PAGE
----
"autoload": {
"psr-4": {
"RockHopSoft\\Survloop\\": "vendor/rockhopsoft/survloop/src/",
}, ...

It seems we also still need to manually edit `config/app.php`:

# nano config/app.php
'providers' => [
'aliases' => [
'Survloop' => 'RockHopSoft\Survloop\SurvloopFacade',
], ...

If installing on a server, you might also need to fix some permissions before the following steps...

# chown -R www-data:33 storage database app/Models

Clear caches and publish the package migrations...

# php artisan config:clear
# php artisan route:clear
# php artisan view:clear
# echo "0" | php artisan vendor:publish --force
# composer dump-autoload

Seed Survloop Database

With certain databases (like some managed by DigitalOcean), you may need to tweak the Laravel migration:

% nano database/migrations/2014_10_12_100000_create_password_resets_table.php
% nano database/migrations/2019_08_19_000000_create_failed_jobs_table.php

Add this line before the "Schema::create" line in each file:

\Illuminate\Support\Facades\DB::statement('SET SESSION sql_require_primary_key=0');

Then initialize the database:

$ php artisan migrate
$ php artisan db:seed --class=SurvloopSeeder
$ php artisan db:seed --class=ZipCodeSeeder
$ php artisan db:seed --class=ZipCodeSeeder2
$ php artisan db:seed --class=ZipCodeSeeder3
$ php artisan db:seed --class=ZipCodeSeeder4

Install SSL Certificate (Recommended)

If you plan to use a domain name, it is easiest to connect it to your server before installing the SSL Certificate.

Thanks to the EFF's Certbot, you can now get this step down quickly and easily... for free!! Just run these commands:

# apt-get update
# snap install --classic certbot
# certbot --nginx

Not sure this should be needed, but it helped my problems:

# ufw allow 'Nginx Full'
# ufw delete allow 'Nginx HTTP'
# nginx -t
# systemctl reload nginx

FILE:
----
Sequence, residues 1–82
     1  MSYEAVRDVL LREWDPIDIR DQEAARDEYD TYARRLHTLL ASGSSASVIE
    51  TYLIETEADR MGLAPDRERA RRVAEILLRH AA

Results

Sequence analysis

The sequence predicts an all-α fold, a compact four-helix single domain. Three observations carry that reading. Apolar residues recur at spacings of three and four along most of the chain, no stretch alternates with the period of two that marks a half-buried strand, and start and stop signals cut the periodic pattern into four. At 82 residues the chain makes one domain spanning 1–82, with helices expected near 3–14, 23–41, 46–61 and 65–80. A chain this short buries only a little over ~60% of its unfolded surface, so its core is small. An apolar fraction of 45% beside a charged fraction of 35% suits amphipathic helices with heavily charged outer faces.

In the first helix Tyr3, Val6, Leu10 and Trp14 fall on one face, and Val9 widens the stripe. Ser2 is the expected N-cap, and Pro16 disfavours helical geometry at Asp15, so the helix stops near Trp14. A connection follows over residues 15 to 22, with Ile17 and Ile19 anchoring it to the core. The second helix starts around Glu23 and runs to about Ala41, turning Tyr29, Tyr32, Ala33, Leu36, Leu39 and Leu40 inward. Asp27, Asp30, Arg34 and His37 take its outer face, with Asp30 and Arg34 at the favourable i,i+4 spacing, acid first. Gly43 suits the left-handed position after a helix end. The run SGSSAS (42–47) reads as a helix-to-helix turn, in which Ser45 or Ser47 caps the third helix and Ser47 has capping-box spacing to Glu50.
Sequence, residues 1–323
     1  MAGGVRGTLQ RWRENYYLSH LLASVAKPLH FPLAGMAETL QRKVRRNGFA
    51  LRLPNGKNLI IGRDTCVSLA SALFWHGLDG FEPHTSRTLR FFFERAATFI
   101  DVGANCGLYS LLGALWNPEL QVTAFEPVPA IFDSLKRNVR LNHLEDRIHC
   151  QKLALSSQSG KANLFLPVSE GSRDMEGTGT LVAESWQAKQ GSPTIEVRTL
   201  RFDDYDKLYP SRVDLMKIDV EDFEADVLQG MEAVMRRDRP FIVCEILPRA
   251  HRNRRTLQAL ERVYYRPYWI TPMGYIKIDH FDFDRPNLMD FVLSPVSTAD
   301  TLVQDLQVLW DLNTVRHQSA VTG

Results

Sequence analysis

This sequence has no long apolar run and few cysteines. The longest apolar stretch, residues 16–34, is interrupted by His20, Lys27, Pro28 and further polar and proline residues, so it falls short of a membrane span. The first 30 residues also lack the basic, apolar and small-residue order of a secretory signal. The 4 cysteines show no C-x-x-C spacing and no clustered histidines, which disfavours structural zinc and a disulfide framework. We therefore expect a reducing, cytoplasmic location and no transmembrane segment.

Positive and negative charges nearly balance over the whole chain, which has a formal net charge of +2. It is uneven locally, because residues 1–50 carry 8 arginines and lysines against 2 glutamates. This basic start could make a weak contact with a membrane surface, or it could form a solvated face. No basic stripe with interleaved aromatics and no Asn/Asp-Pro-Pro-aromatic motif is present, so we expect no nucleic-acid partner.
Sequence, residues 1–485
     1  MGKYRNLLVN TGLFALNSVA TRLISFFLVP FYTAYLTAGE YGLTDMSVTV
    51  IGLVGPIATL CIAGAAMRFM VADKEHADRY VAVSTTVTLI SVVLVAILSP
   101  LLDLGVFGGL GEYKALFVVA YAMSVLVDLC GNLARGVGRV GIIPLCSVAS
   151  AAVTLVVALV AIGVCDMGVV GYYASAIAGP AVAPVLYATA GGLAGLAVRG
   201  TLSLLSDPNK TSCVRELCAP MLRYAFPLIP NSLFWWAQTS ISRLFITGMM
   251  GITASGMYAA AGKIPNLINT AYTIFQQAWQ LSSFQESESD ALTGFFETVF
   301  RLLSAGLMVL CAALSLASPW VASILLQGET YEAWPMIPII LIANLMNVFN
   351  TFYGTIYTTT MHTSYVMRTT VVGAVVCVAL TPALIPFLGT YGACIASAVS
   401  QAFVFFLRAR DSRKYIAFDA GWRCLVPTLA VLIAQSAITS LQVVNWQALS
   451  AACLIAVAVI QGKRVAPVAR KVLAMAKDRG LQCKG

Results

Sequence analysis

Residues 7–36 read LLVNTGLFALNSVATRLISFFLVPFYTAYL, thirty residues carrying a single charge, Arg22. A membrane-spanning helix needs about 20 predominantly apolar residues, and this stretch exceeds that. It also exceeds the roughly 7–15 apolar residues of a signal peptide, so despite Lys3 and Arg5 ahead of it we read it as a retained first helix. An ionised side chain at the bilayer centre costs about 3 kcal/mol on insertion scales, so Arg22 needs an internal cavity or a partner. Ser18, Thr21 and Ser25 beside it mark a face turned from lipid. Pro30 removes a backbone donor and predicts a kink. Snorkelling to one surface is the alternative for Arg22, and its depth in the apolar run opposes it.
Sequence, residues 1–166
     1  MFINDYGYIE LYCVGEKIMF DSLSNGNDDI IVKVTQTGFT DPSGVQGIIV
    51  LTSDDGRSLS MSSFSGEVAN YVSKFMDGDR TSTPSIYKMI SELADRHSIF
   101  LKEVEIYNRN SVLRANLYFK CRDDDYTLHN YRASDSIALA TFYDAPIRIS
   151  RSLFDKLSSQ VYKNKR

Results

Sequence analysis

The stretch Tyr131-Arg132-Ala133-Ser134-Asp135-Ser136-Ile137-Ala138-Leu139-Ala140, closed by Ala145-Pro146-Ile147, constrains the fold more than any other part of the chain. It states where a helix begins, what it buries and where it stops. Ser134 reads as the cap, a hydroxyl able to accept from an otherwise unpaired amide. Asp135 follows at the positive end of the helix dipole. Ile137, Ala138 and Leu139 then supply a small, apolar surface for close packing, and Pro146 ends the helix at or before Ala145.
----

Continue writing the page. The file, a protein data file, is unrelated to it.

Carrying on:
# ufw status verbose

Initialize Survloop Installation

Then browsing to the home page should prompt you to create the first admin user account:

If everything looks janky, then manually load the style sheets, etc:

After logging in as an admin, this link rebuilds many supporting files:

Install Advanced Intrusion Detection Environment (Optional)

Advanced Intrusion Detection Environment (AIDE) might be worth installing too:

# echo "Y \n" | apt install aide
# aideinit
# cp /var/lib/aide/ /var/lib/aide/aide.db
# cp /var/lib/aide/aide.conf.autogenerated /etc/aide/aide.conf

Frequently Update Ubuntu, etc

$ sudo apt-get update
$ sudo apt update && sudo apt dist-upgrade
$ sudo apt install update-manager-core
$ sudo do-release-upgrade
$ composer update
$ php artisan cache:clear

lastNode: 60 -> currNode: 60

coreID: -3,
POST/GET Requests:
    [how-to-install-survloop-on-ubuntu-20_04] => 

    [_token] => ERMWRmBVQTgFc66edbRULIQBaWLdpB9yl4ECbS3I
    [chkSysInit] => 1
    [_flash] => Array
            [old] => Array

            [new] => Array



Page MicroLog

Time Elapsed

Start Page Load 0
Start loadAllSessData( 0
loadAllSessData( after loadSessionClear( 0
loadAllSessData( after loadSessInfo( 0
loadAllSessData( after loadSessionData( 0
loadAllSessData( after loadSessionDataSaves( 0
End loadAllSessData( after runLoopConditions( 0
TreeSurv index( 0
TreeSurv index( after survLoopInit 0
printTreePublic( start 0
Start TreeSurvLoad loadTree( 0
loadTree( after loadTreeStart( 0
loadTree( after loadTreeFromCache( 0
Start loadAllSessData( 0
loadAllSessData( after loadSessionClear( 0
loadAllSessData( after loadSessInfo( 0
loadAllSessData( after loadSessionData( 0
loadAllSessData( after loadSessionDataSaves( 0
End loadAllSessData( after runLoopConditions( 0
loadTree( after loadAllSessData( 0
printTreePublic( after loadTree() 0
printTreeGetCurrNode( after redirect checks 0
printTreeGetCurrNode( after loadAncestry( 0
printTreeGetCurrNode( start moving currNode 0
printTreeGetCurrNode( end moving currNode 0
printTreePublic( after multiRecordCheck( 0
printTreePublic( before printTreePublicCore( 0